August 2002. Scale insects were found on sugarcane leaves of a nitrogen trial established on a ferruginous latosol in Fiji. The outer two rows were heavily infested and leaves were stunted and weak. Ant populations have increased. The question asked was what is the relationship between the ants and the scales.
It was assumed that the message was using the term 'scale' insects to include mealybugs. The information below would also apply to soft scale insects, margarodids and eriococcids, but not so much to armoured scale insects like Aulacaspis tegalensis (which have not been recorded from the South Pacific), because they do not excrete honeydew.
In a mixed infestation a pest problem is likely to occur if the ants attending some mealybugs end up deterring natural enemies, so allowing the armoured scales nearby to proliferate and cause damage. Ants are not predators of scales/mealbugs, they protect them in order to live off their waste product called honey-due (sugary secretions).
Controlling the ants is the first priority and should result in improved regulation of the scale/mealybug populations by natural enemies, e.g., the coccinellid Cryptolaemus montrouzieri and various hymenopteran parasitoids (provided appropriate natural enemies are present in the ecosystem). However, the scale/mealybug populations would decline over a period of several weeks, not in just a few days.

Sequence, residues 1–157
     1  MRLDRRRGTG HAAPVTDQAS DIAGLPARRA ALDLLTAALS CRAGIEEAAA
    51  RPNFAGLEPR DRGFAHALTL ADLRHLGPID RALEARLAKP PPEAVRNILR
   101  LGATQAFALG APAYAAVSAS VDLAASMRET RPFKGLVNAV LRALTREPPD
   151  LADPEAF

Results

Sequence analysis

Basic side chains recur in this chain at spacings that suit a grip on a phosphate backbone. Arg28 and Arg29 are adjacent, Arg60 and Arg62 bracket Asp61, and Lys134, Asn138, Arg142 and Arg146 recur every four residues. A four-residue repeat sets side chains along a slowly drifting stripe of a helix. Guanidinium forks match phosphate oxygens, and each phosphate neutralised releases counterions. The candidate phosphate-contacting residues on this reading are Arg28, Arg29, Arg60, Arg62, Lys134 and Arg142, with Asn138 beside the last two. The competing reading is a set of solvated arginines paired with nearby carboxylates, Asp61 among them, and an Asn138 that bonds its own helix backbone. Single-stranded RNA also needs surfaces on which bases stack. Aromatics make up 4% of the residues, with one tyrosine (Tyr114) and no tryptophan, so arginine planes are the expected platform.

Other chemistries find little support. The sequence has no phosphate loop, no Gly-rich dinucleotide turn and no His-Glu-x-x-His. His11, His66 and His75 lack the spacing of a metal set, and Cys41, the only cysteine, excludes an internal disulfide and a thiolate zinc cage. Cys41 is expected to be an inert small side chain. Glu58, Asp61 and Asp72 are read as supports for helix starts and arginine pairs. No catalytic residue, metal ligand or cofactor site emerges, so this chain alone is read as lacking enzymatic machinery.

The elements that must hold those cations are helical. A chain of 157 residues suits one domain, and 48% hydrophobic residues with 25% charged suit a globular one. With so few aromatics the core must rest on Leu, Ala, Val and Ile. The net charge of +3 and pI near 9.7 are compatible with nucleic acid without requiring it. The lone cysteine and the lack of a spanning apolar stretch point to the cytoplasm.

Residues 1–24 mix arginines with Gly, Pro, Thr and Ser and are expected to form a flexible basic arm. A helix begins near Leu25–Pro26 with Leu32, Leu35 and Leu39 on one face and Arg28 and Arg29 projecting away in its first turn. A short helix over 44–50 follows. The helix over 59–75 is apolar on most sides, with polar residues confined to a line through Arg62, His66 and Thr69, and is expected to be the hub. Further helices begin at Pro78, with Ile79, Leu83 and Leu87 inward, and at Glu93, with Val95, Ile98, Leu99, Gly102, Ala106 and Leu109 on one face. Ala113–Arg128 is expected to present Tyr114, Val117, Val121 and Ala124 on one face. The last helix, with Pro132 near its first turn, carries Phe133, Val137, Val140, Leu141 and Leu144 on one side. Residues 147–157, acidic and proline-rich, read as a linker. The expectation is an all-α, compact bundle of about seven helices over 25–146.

If it is no possible to wait more than a few days, then localised use of an insecticide to kill both scale/mealybugs and ants might be necessary. However, be aware that this would kill all the mealybug natural enemies in the vaccinity, placing nearby crops (and the uninfested rows of sugarcane) at risk of mealybug attack. Not all the mealybugs would be killed by the pesticide, so it would be advisable subsequently to keep the ant population under control to allow natural enemies to re-colonise the area and maintain the mealybugs at a low population density.
Information was also provided from work done elsewhere. There is a small unidentified scale not more than 2 mm causing streaking in the sugarcane leaf blades in a recent survey of eastern Indonesia. This damage looks very similar to chlorotic streak disease in sugarcane. Usually scale damage is associated with some plant stress: lack of fertiliser, dry weather, etc. The sugarcane scale, Aulacaspis tegalensis, attacks the stems and sometimes can be found on the leaf-sheaths (and rarely on the leaves). The best 'medication' for a scale problem is natural enemies, but white oil can also be effective. Fipronil was suggested as a possible control for the ants.
Sometime later, the 'scale insect' was identified as the sugarcane whitefly, Neomaskellia bergii.